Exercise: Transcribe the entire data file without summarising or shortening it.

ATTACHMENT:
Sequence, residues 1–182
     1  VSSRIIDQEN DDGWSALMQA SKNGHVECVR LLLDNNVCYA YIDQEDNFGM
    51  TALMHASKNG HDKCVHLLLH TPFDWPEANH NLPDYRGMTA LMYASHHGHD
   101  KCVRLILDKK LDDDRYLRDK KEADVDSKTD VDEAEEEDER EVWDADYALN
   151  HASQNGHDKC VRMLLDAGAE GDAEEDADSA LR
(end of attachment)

Sequence, residues 1–182
     1  VSSRIIDQEN DDGWSALMQA SKNGHVECVR LLLDNNVCYA YIDQEDNFGM
    51  TALMHASKNG HDKCVHLLLH TPFDWPEANH NLPDYRGMTA LMYASHHGHD
   101  KCVRLILDKK LDDDRYLRDK KEADVDSKTD VDEAEEEDER EVWDADYALN
   151  HASQNGHDKC VRMLLDAGAE GDAEEDADSA LR